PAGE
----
Joy Kirton Smith

Water Serpent II by Joy Kirton Smith
Water Serpent I by Joy Kirton Smith
Lapres Midi Dun Faune I by Joy Kirton Smith
Lapres Midi Dun Faune II by Joy Kirton Smith
Showgirl IV by Joy Kirton Smith
Showgirl III by Joy Kirton Smith
Showgirl II by Joy Kirton Smith
Showgirl I by Joy Kirton Smith
Performance Of The Firebird by Joy Kirton Smith
Lets Dance I by Joy Kirton Smith
Lets Dance II by Joy Kirton Smith
Andromeda by Joy Kirton Smith
Venus by Joy Kirton Smith
Venus & Her Maidens by Joy Kirton Smith
Travel, the Italian Renaissance masters and painters and decorators. These are the three key inspirations behind celebrated contemporary fine artist, Joy Kirton-Smith doing what she does with a paintbrush and a variety of canvases on a pretty regular basis. The first refers to her love of circumnavigating the globe, taking in the unique and hugely influential sights and sounds universally associated with Venice, New Orleans, Prague and Grand Cayman, whilst the second is self-explanatory if you already know your da Vinci from your Michelangelo. The third strand however might take some explaining, but has a lot to thank Kirton-Smith’s family for. A long time before BBC1’s Changing Rooms was commissioned and made everyone think they were Laurence Llewellyn-Bowen, Kirton-Smith’s dad and two elder brothers were painting and decorating their merry way through great swathes of rural Worcestershire, only with a difference. Fronting far more creative ways in which to paper walls and applying blue sky thinking to the home décor approach in general at a time when competitors, weren’t.

But returning to the whole past masters source of truly artistic inspiration, and a large percentage of Kirton-Smith’s work stems from her enduring interest in capturing the aesthetic qualities of the human form. To this end, her current images combine a contrast between form and flux, tangible entitles engulfed in a constantly changing environment. With this in mind, we are often therefore presented with heightened illustrative imagery that subtly hint at eroticism on one hand and earthliness on the other; whilst simultaneously suggesting that the reminder of all formations are transient. Much has been made, positively of course, of Kirton-Smith’s predilection for fusing her focal characters into merged backgrounds, abstracting the often dancing figures from their stage.

Born in the UK’s West Midlands, near Stourbridge in the heart of what’s known as the Black Country on account of its heavily industrialised heritage, Kirton-Smith’s family later moved to rural Worcestershire, and settled in the River Severn-hugging, Old Fleet. It was at this juncture that Kirton-Smith’s father and two elder male siblings set up and ran their forward-thinking painting and decorating business, serving the locals and further a field with their adventurous styles and innovative materials touched on above. However Kirton-Smith’s first taste of art education in any formal surround was when she opted to attend Halesowen College a number of years down the line, where she bagged herself an A-Level in Fine Art; before electing to stay on at the further education establishment and familiarising herself with far more advanced techniques and art and material applications than she might have otherwise had the opportunity to explore, in the capacity of being a workshop member.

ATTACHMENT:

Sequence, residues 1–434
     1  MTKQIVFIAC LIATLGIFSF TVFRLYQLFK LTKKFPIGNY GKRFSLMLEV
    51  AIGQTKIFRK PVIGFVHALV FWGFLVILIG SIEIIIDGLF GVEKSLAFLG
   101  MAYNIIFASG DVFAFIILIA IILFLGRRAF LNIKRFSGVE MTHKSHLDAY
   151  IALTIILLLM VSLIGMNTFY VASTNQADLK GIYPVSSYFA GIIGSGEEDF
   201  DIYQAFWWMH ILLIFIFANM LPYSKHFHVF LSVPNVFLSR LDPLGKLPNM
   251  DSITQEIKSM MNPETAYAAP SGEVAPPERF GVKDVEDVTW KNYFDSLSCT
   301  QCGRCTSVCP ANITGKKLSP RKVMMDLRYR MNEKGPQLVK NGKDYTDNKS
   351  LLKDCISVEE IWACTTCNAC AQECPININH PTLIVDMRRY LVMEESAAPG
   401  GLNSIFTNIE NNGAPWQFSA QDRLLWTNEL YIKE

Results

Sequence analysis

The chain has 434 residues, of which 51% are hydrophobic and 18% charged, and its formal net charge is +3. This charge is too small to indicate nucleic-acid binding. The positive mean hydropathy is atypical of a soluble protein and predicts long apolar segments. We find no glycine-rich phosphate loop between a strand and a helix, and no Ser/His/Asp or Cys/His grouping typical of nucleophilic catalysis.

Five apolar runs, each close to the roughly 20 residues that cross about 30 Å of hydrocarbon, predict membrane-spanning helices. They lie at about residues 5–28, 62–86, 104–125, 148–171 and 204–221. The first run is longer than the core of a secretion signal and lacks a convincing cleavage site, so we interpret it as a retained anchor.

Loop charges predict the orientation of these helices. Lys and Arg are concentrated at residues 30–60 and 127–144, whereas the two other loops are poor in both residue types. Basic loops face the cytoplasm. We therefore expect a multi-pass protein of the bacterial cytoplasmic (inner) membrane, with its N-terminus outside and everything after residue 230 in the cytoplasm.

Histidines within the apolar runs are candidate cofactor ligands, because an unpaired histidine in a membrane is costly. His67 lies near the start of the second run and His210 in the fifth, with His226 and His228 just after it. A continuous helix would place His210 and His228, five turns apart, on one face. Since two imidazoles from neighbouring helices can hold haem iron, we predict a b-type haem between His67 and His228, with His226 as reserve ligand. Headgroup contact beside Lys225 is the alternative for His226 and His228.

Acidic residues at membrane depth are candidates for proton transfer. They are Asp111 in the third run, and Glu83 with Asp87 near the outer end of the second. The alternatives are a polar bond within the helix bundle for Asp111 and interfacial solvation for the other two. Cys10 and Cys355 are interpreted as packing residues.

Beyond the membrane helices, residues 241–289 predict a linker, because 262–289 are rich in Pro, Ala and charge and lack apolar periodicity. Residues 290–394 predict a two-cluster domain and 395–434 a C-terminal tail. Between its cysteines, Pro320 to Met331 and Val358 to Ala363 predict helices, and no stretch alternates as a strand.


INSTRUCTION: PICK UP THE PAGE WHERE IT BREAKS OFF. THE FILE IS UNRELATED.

Almost obsessed with the manner in which subsequent drawing techniques could foster this all-consuming sense of movement and vitality onto canvas, paper or whatever surface the artist chose to adapt, Kirton-Smith’s fascination with Michelangelo and da Vinci in particular increased, alongside of her acknowledgment and respect for the techniques of Rembrandt and the Flemish school in the Rjyksmuseum, Amsterdam.

As a professional and highly-collectable contemporary figurative artist practising today, Kirton-Smith is ably represented from a commercial viewpoint by one of the country’s most prominent and successful fine art publishers, Washington Green, who during their collaboration with Kirton-Smith have been instrumental in the reproducing of some 40 plus quality limited edition prints based on the artist’s original compositions. During her time pursuing her artistic career, Kirton-Smith has witnessed her work being showcased at a prestigious selection of art galleries far and wide, while various pieces have become part of private collections throughout Europe. In addition to this, Kirton-Smith’s individual and collective paintings/bodies of work have also been acknowledged by industry stalwarts and gatekeepers, the Fine Art Trade Guild, who awarded her the much sought-after accolade of ‘Best Artist’ in recent history.

View All Art Works By Joy Kirton Smith